(a) When it comes to issuing directions to initiate the insolvency resolution process under the Insolvency Code, Section 35AA is the only source of power.

(b) When it comes to issuing directions in respect of stressed assets, which directions are directions other than resolving this problem under the Insolvency Code, such power falls within Section 35A read with Section 35AB...

The Supreme Court further observed that the general provisions in a statute cannot be utilised where a specific provision has been enacted with a specific purpose in mind. Therefore in cases where resolution through IBC is to be effected, only the specific power granted by s. 35AA can be exercised by the RBI. In case of resolution outside the framework of IBC, the general powers under s. 35A and s. 35 AB are to be used. The Supreme Court observed that any other interpretation will make s. 35AA redundant. The Supreme Court therefore concluded that absent Central Government authorization as required under s. 35AA, RBI does not have the power to issue direction to a banking company in respect of initiating insolvency resolution process and therefore the Impugned RBI Circular is ultra vires.

Conclusion

The Supreme Court has left intact the validity of the provisions of the Banking and Regulation Act; however it has concluded that the RBI circular will have to be declared as ultra vires as a whole, and be declared to be of no effect in law and consequently all actions taken under the Impugned RBI Circular must fall along with the said circular. It was held that as a result, all cases in which debtors have been proceeded against by financial creditors under IBC, only because of the operation of the Impugned RBI Circular, are declared to be void.

Although this Judgment comes as a relief to various entities against whom insolvency proceedings were initiated by lenders only due to the mandatory requirement imposed on the lenders by the Impugned RBI Circular, it is relevant to note that there is nothing under the existing IBC framework that precludes a lender from initiating insolvency proceedings against the same entities under the IBC, if it so chooses. Furthermore, while the Judgment takes note of the arguments of the Petitioners in detail where the issues faced by certain sectors as a result of various government policies and other reasons not attributable to operational efficiency of companies operating in these sectors, the Judgment records that in light of the declaration that the Impugned RBI Circular is ultra vires s. 35AA, Banking Regulation Act, it has not gone into other contentions raised. The issues stemming out of applicability of IBC framework across the board as a one size fits all solution, without providing for carve outs that are essential for serious sector specific issues, as acknowledged and discussed in the various Parliamentary Standing Committee Reports, still remains to be addressed through adequate legislative action.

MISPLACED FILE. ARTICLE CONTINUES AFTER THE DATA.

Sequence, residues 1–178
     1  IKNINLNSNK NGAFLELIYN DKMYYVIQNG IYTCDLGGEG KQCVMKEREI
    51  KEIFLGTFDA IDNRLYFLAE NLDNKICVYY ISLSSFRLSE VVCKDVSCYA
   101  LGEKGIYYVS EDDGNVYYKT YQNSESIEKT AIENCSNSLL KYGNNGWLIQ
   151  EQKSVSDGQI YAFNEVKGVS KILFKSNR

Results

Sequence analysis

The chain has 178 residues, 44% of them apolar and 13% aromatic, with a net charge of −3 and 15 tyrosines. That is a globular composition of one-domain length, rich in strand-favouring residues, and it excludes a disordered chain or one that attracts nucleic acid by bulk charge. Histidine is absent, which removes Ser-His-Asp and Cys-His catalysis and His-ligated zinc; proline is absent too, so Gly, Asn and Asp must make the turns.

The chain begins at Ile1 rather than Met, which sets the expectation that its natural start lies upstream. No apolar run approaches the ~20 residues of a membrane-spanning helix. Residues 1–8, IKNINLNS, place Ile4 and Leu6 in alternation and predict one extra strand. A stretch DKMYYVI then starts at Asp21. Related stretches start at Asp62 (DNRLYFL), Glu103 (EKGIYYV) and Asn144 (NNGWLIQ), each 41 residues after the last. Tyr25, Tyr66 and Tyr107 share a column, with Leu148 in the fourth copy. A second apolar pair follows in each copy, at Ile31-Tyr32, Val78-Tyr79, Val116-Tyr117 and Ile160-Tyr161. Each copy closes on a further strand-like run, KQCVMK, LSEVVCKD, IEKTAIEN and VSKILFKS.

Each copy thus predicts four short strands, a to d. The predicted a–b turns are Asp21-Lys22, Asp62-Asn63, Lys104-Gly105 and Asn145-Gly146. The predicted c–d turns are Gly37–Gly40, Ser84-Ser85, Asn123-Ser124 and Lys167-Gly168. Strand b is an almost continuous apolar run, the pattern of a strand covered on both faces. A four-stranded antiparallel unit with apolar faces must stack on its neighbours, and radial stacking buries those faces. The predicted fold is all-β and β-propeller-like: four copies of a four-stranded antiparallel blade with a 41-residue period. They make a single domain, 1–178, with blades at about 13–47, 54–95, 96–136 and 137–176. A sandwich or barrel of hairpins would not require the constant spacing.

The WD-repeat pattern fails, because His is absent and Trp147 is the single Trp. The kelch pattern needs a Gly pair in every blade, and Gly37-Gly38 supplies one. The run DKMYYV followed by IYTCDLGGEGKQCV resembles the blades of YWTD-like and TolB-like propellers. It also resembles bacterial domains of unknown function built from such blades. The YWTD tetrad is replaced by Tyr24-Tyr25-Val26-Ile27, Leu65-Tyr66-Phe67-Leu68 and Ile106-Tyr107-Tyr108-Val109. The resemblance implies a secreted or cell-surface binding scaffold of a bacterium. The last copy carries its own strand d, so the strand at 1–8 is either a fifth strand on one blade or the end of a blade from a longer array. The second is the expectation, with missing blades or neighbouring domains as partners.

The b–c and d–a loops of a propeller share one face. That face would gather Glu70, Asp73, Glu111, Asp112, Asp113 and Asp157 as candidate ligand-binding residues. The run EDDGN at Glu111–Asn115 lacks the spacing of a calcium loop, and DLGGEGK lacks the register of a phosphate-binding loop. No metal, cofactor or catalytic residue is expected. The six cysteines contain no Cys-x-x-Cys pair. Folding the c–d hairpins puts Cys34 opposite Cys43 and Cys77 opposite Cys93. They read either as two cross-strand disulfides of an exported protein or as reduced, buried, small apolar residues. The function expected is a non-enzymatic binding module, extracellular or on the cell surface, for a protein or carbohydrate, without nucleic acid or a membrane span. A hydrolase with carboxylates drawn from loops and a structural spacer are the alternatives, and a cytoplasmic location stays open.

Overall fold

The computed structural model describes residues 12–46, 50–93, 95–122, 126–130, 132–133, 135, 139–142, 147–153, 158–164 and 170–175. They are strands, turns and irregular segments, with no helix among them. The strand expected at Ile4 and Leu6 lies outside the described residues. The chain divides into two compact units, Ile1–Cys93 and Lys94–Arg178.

Telma Raju is an Associate with Clarus Law Associates.

Footnotes

1. 2019 (2) SCALE 5

2. (1875) 1 Ch. D. 426

3. (2017) 15 SCC 133

The content of this article is intended to provide a general guide to the subject matter. Specialist advice should be sought about your specific circumstances.